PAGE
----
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Housing market heterogeneity in a monetary union

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  • Margarita Rubio

    ()
    (Banco de España)

Abstract

This paper studies the implications of cross-country housing market heterogeneity for a monetary union, also comparing the results with a flexible exchange rate and independent monetary policy setting. I develop a two-country new Keynesian general equilibrium model with housing and collateral constraints to explore this issue. Results show that in a monetary union, consumption reacts more strongly to monetary policy shocks in countries with high loan-to-value ratios (LTVs), a high proportion of borrowers or variable-rate mortgages. As for asymmetric technology shocks, output and house prices increase by more in the country receiving the shock if it can conduct monetary policy independently. I also fi nd that after country-specific housing price shocks consumption does not only increase in the country where the shock takes place, there is an international transmission. From a normative perspective, I conclude that housing-market homogenization in a monetary union is not beneficial per se, only when it is towards low LTVs or predominantly fixed-rate mortgages. Furthermore, I show that when there are asymmetric shocks but identical housing markets, it is beneficial to form a monetary union with respect to having a flexible exchange rate regime. However, for the examples I consider, net benefits decrease substantially if there is LTV heterogeneity and are negative under different mortgage contracts.

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File URL: http://www.bde.es/f/webbde/SES/Secciones/Publicaciones/PublicacionesSeriadas/DocumentosTrabajo/09/Fic/dt0916e.pdf
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Bibliographic Info

Paper provided by Banco de Espa�a in its series Banco de Espa�a Working Papers with number 0916.

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Length: 44 pages
Date of creation: Aug 2009
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Handle: RePEc:bde:wpaper:0916

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Keywords: Housing market; collateral constraint; monetary policy; monetary union;

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  1. Bernanke, Ben S. & Gertler, Mark & Gilchrist, Simon, 1999. "The financial accelerator in a quantitative business cycle framework," Handbook of Macroeconomics, Elsevier, in: J. B. Taylor & M. Woodford (ed.), Handbook of Macroeconomics, edition 1, volume 1, chapter 21, pages 1341-1393 Elsevier.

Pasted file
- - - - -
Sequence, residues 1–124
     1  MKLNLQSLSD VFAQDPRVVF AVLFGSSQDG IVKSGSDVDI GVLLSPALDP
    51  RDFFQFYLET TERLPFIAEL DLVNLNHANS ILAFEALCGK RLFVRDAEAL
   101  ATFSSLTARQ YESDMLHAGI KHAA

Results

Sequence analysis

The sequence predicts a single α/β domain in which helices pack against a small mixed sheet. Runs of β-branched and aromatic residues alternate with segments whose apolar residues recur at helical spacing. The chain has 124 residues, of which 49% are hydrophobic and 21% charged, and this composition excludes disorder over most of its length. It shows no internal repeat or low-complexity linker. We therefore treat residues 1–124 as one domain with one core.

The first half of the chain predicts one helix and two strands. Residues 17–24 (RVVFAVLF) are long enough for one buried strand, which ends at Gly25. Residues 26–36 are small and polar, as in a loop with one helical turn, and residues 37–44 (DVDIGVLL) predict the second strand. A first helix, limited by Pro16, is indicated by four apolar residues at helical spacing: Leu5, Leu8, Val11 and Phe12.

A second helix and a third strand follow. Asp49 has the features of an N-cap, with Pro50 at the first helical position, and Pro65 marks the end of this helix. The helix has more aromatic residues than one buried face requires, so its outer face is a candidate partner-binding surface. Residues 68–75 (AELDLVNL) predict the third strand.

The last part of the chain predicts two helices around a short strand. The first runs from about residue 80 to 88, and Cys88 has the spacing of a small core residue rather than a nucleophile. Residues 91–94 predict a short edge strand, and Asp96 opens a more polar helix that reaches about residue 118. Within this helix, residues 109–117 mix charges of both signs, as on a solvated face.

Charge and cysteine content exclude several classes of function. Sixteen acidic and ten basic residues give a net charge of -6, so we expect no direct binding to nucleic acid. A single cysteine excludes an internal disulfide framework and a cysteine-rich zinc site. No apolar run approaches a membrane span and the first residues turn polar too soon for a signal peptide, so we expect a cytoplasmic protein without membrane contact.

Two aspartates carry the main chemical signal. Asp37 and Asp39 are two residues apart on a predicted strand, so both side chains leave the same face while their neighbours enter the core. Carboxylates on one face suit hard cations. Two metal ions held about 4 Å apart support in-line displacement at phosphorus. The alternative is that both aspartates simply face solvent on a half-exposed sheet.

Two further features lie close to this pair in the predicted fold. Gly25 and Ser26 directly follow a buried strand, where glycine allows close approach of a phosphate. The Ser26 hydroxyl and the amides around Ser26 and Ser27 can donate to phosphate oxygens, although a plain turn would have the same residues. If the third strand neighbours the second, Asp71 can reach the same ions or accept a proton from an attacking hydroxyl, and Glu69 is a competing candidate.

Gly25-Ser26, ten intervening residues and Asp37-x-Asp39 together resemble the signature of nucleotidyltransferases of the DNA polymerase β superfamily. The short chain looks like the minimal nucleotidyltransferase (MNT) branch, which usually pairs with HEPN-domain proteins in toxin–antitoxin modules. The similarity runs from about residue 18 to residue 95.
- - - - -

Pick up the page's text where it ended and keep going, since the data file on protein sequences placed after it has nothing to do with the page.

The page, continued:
2. Tommaso Monacelli, 2008. "Optimal Monetary Policy with Collateralized Household Debt and Borrowing Constraints," NBER Chapters, National Bureau of Economic Research, Inc, in: Asset Prices and Monetary Policy, pages 103-146 National Bureau of Economic Research, Inc.
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  7. Kai Carstensen & Oliver Hülsewig & Timo Wollmershäuser, 2009. "Monetary Policy Transmission and House Prices: European Cross Country Evidence," Working Paper / FINESS, DIW Berlin, German Institute for Economic Research 7.4, DIW Berlin, German Institute for Economic Research.
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Cited by:
  1. Nikolay Hristov & Oliver Hülsewig & Timo Wollmershäuser, 2014. "Financial Frictions and Inflation Differentials in a Monetary Union," Manchester School, University of Manchester, University of Manchester, vol. 82(5), pages 549-595, 09.
  2. Michael Funke & Michael Paetz, 2011. "Housing Prices and the Business Cycle: An Empirical Application to Hong Kong," Quantitative Macroeconomics Working Papers, Hamburg University, Department of Economics 21112b, Hamburg University, Department of Economics.
  3. Oriol Aspachs-Bracons & Pau Rabanal, 2010. "The drivers of housing cycles in Spain," SERIEs, Spanish Economic Association, Spanish Economic Association, vol. 1(1), pages 101-130, March.
  4. Margarita Rubio, 2014. "Macroprudential Policy Implementation in a Heterogeneous Monetary Union," Discussion Papers 2014/03, University of Nottingham, Centre for Finance, Credit and Macroeconomics (CFCM).
  5. Kristine Vitola & Ludmila Fadejeva, 2010. "Asset Prices and Financial Frictions in Monetary Transmission: The Case of Latvia," Working Papers, Latvijas Banka 2010/03, Latvijas Banka.
  6. Philip Arestis & Ana Rosa González, 2014. "The Housing Market-Bank Credit Relationship: Some Thoughts on Its Causality," Panoeconomicus, Savez ekonomista Vojvodine, Novi Sad, Serbia, Savez ekonomista Vojvodine, Novi Sad, Serbia, vol. 61(2), pages 145-160, March.

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